taking the words of Jesus seriously

“I wish the rapture would hurry up so we can get rid of [Christians].” This comment was left on a youtube channel I came across recently. A woman called in to the show declaring Donald Trump to be the “fulfillment of the prophecies in Revelation chapters 6 and 13.” She said he was the “white rider” and his voters were the “pale horse. . . pale eyed, pale skinned, pale haired.” She continued by saying that Trump would be reelected because “1.9 billion more people needed to die,” for some reason, and she encouraged the host to stock up on supplies and prepare for the end of times. 

Whether this woman is politically left or right, I have no idea. What I do know is that I have heard similarly bizarre interpretations before. This caller is presumably a believer of biblical prophecy and not merely being satirical. She certainly sounded sincere. If she is serious, she is yet another person who is confident that her futurist interpretation of the Book of Revelation is correct and that her visions of coming destruction are upon us. 

Our generation is not the first to see the horsemen on the horizon. Prominent and notorious figures alike such as Martin Luther, Christopher Columbus, Cotton Mather, John Wesley, Jim Jones, Pat Robertson, Harold Camping, Jerry Falwell, Tim LaHaye, Jerry B. Jenkins, and John Hagee among countless others have followed their interpretations of Revelation and set dates for the end only to be disappointed when the earth was not destroyed or the “rapture” did not occur as predicted.

With all the fear surrounding the coronavirus and possible economic collapse, people are yet again crying wolf, and the world is no longer listening. Why is the end always just around the corner? People see apocalypse in every crisis, they see an “antichrist” in every public figure they personally disagree with. 

I was in the fourth or fifth grade when the scare of Y2K swept the nation. There were stories on the news of duct tape and bottled water flying off the grocery shelves. What would happen at the end of the millennium when the computers’ 99 turned to 00? Economic collapse? Would Jesus return? Nothing. I sat in my grandmother’s kitchen with my sparkling apple cider and quietly rung in the new millennium with a family toast.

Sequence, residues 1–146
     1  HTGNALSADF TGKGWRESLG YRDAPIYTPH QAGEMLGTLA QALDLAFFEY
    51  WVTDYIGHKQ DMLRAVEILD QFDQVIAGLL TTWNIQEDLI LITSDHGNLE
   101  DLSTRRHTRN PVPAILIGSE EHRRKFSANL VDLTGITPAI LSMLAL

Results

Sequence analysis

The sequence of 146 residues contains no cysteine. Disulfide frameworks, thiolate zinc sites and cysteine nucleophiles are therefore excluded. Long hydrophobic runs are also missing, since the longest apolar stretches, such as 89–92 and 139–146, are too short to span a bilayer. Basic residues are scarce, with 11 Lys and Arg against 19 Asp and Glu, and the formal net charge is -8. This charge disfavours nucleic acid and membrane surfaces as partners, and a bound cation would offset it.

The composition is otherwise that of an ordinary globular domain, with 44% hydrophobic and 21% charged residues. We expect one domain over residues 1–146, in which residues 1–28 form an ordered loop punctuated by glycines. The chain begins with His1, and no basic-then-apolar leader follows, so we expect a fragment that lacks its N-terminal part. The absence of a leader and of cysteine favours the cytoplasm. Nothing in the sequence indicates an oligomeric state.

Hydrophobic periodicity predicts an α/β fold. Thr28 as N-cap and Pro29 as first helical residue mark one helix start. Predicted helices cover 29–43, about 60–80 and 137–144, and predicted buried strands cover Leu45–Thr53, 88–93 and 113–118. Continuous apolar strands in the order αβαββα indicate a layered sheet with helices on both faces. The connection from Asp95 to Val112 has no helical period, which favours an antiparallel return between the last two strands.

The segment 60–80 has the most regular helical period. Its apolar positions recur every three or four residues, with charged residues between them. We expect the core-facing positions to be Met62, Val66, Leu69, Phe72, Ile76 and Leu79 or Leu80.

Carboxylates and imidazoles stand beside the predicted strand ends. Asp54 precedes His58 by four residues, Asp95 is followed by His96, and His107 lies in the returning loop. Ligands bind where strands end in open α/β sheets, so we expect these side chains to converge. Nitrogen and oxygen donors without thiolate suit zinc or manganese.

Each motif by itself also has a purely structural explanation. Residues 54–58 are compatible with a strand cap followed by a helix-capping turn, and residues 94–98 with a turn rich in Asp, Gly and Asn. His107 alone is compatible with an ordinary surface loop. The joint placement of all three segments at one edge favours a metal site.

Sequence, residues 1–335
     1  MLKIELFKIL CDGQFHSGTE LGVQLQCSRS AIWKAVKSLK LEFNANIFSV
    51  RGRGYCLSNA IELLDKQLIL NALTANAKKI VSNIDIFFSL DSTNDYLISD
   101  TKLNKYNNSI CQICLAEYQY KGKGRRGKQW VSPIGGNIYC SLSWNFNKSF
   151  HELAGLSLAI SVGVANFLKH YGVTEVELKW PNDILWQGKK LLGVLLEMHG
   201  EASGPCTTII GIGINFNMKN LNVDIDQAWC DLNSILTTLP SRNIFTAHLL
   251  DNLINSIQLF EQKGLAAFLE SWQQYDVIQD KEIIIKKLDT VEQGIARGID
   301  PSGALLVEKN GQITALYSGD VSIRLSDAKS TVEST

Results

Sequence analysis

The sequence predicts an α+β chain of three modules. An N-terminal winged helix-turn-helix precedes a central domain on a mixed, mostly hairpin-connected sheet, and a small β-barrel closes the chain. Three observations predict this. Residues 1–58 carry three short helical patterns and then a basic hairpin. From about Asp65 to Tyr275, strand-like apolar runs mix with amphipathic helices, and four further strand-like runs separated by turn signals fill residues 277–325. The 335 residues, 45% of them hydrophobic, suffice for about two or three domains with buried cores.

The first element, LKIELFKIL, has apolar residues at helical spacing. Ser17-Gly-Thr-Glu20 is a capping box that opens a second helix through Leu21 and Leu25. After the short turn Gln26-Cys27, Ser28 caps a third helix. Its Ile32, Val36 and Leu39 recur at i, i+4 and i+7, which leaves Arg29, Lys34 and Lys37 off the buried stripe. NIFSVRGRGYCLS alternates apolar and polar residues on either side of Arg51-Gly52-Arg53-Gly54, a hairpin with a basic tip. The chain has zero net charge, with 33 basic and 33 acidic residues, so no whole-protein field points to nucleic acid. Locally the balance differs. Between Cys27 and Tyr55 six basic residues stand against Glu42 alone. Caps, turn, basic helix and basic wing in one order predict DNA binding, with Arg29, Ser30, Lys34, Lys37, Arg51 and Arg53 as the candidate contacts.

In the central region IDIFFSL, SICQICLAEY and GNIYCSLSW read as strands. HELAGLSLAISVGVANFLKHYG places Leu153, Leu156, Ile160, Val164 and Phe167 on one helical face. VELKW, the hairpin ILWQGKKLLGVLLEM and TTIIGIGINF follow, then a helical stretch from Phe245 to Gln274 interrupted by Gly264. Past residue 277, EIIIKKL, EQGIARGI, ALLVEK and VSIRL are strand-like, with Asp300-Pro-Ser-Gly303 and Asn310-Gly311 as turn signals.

I was in high school when Obama first ran for office and won in 2008. Surely this was the end. A Democrat had taken office after the “glorious” years of the Bush presidency, when religious freedom and evangelical influence were presumably at their highest. God was with America, many proclaimed. God was with Bush. 

To the same people, God was not with Obama. While Bush’s presidency was the active will of God, many said, Barak’s was merely permitted by God. Obama was the antichrist and was poised to stage a hostile takeover of the American government. He was a Muslim Communist hell bent on tearing down capitalism, God’s system, and building up socialism, the work of the devil. And yet, I survived two terms of his presidency without a whiff of Armageddon. 

Enter Donald Trump. The savior and darling of the Christian Right and the Son of the almighty dollar. He couldn’t be the antichrist, many said. He was on the Republican side. But perhaps he was the one to fulfill biblical Prophecy. Perhaps he was a King Cyrus ready to help the Christians gain political power and regain a foothold in the culture wars against those trying to destroy God’s country; the new Israel. 

READ: The Sociology of Fear

Shortly after Trump’s stunning electoral win, I was working at my local library when a petite and soft-spoken woman came to up to the desk and said, “I’m looking for the Bible. Can you help me find it?” I replied that we had several versions and showed her the shelf. She was looking for the KJV, or the “real” Bible. I pulled out our copy and gave it to her. She stayed for several hours, huddled around the copier.